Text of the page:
Rose Tishman Silkiss
Rose Tishman Silkiss was born on January 13, 1924 in Manhattan to immigrants Bessie and Morris Tishman. Rose was the youngest daughter of four children, Abraham, Evelyn and Sydney. A product of the depression, she was a creative, curious, fearless young woman. Rose attended Washington Irving High School then City College. She received a scholarship in 1948 to study engineering at the Pratt Institute. There she studied design and earned a Master’s degree in mathematics at a time when there were no positions available for female mathematicians. Consequently, she earned a teaching certification that enabled her to obtain a teaching position in Peekskill, New York.
At the end of the school year, Rose decided to travel to Los Angeles. She had been traveling from the Bronx to Peekskill on a weekly basis. She took a statistical analyst position in Los Angeles and stayed at the Hamburger House. During her trip, Rose sent 10 post cards to her family and friends. She had one extra stamped card and decided to send it to this nice guy, Manny Silkiss, whom she had met just before leaving Peekskill. She did not have the address, but improvised. The address was listed as Silkiss Peekskill NY. Amazingly, Manny received the card. And a romance was born.
Rose and Manny dated for two years. They married on July 11, 1952 at the Roosevelt Hotel in Manhattan. On their honeymoon, they traveled by car across Canada, to Montreal, Lake Louise, and Banff. Upon their return they settled in the Bronx. Manny took a position in Allentown, and eventually joined the metallurgical engineering firm Lucius Pitkin Inc. in New York as an attorney and Chief Metallurgical Engineer. He became CEO of the company.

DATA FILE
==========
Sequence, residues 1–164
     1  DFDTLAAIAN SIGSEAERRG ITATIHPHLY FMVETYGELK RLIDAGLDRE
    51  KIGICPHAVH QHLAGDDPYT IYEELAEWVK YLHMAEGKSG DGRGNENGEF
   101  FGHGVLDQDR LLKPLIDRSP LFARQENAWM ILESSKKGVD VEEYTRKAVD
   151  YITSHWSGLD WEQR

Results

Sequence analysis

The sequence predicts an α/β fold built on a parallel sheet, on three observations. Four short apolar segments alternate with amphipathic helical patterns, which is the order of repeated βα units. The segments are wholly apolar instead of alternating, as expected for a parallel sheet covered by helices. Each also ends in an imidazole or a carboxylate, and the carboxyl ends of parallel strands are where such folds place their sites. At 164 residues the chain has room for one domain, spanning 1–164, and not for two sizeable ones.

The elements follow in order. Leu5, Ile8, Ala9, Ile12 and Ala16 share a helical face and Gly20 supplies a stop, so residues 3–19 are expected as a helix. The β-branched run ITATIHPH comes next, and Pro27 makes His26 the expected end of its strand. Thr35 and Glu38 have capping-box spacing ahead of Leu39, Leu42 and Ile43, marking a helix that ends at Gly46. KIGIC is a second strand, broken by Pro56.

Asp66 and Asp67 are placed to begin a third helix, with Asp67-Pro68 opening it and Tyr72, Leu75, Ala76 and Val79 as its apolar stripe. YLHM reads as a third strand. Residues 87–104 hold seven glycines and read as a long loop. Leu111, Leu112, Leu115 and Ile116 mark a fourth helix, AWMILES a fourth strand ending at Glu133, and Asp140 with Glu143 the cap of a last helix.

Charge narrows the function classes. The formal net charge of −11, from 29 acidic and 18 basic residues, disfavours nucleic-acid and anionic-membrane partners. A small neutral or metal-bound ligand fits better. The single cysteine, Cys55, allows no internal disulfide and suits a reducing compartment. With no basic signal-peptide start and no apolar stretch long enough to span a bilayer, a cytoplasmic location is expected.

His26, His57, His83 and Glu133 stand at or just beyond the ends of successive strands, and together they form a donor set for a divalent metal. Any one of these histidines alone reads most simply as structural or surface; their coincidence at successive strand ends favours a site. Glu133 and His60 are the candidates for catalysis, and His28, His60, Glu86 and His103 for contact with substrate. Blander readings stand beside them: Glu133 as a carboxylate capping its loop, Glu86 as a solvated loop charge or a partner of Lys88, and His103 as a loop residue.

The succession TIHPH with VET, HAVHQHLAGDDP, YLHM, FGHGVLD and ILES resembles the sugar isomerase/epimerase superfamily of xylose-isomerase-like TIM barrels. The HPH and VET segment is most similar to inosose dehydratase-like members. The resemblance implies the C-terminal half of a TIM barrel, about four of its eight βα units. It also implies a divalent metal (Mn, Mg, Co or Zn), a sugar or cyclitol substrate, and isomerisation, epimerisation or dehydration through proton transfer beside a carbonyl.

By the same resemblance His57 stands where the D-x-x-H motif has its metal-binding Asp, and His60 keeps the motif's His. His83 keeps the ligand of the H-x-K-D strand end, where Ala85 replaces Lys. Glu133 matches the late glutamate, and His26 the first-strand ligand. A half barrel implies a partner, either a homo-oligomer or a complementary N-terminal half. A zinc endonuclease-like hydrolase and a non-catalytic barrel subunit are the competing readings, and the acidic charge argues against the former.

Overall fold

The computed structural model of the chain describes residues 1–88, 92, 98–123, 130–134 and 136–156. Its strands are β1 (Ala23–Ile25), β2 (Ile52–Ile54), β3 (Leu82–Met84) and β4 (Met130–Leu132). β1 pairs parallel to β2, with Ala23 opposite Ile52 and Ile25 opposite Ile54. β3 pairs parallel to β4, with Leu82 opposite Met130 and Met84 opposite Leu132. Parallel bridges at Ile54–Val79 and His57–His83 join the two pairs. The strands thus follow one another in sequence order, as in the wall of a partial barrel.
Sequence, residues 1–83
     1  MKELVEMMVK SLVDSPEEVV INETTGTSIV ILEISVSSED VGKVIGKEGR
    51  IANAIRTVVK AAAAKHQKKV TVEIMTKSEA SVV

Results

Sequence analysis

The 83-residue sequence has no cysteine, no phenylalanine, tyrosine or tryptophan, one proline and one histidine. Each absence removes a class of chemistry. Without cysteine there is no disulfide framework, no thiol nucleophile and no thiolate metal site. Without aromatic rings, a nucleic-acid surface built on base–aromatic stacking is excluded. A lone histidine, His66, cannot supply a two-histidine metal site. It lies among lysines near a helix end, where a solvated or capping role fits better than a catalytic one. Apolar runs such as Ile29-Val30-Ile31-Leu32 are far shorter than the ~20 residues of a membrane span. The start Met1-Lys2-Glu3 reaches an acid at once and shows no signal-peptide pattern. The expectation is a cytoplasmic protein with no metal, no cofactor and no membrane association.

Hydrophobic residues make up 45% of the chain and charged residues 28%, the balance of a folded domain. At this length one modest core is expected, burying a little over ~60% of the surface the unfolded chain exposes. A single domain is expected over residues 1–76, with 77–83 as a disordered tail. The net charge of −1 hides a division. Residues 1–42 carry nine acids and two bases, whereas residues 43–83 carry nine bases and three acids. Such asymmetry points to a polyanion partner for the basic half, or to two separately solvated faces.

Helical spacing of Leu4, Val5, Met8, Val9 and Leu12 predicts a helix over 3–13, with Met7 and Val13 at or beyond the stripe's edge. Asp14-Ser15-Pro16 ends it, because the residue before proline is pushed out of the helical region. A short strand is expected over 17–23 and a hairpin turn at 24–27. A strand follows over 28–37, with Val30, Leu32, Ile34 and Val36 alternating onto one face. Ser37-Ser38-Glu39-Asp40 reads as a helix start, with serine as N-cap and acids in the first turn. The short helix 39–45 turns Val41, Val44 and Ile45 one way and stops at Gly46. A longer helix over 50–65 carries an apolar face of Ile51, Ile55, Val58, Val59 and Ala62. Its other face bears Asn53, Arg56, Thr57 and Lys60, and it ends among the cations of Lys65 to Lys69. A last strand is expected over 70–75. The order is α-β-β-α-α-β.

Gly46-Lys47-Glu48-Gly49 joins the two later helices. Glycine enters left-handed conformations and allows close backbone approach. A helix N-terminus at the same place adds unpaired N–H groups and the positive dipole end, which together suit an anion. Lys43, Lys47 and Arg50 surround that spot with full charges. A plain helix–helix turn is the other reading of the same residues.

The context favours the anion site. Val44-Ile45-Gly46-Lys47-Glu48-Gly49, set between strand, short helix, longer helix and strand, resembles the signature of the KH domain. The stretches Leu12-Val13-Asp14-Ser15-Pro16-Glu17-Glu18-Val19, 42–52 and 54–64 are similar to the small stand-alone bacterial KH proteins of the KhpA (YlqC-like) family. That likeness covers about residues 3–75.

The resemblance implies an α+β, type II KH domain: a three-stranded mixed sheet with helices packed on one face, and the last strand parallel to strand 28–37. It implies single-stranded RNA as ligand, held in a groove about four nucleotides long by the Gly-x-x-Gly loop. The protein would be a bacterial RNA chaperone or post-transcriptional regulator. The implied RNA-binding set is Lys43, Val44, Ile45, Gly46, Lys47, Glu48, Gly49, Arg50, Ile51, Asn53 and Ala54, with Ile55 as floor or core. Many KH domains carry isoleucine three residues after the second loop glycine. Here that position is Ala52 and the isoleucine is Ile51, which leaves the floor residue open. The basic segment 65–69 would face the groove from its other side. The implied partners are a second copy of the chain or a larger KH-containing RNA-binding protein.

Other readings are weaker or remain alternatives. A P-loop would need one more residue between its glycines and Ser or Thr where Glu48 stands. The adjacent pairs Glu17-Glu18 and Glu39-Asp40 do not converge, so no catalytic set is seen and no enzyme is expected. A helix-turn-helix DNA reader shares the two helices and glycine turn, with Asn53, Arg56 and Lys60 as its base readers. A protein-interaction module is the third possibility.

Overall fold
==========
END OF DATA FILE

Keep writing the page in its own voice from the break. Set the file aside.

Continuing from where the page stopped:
Rose and Manny returned to Peekskill often to help run the bungalow colony where Sarah and Joseph Silkiss (Manny’s parents) lived.
Rose took a position as a remedial reading specialist in Yonkers. She was an early adopter of new methods learned through her studies at the Orton Society for teaching reading to students with learning disabilities. Rose often turned children’s lives around when they were smart but suffering from dyslexia, and failing in school.
Rose and Manny had two children, Susan and Rona. Susan became a successful television producer at CBC, and other television networks. Rona became a successful ophthalmic plastic and reconstructive surgeon.
When Susan started school, Rose volunteered to teach reading in Susan’s class. In lieu of a baby sitter, Rose took Rona to the class and sat her at the back of the room. At the end of the year, Rona had learned to read at age 3. Rose retired at 75 having been an active, successful, and much loved teacher for over 40 years.
In his recent book The Road to Character, TV Commentator and Author David Brooks noted that there are two types of virtues, one is resume virtues, and the other is eulogy virtues– related to who the person was as a human being. Both are important.
Rose was a fearless companion. Full of life, always ready for a new adventure, and at the head of the line. She was super intelligent, friendly, charming, a great conversationalist, an enthusiastic dancer, and brave. Rose had a great sense for people, and was a good judge of character. She loved to laugh…. exuberantly. Rona often thought that this was the antidote to aging, at least for Rose.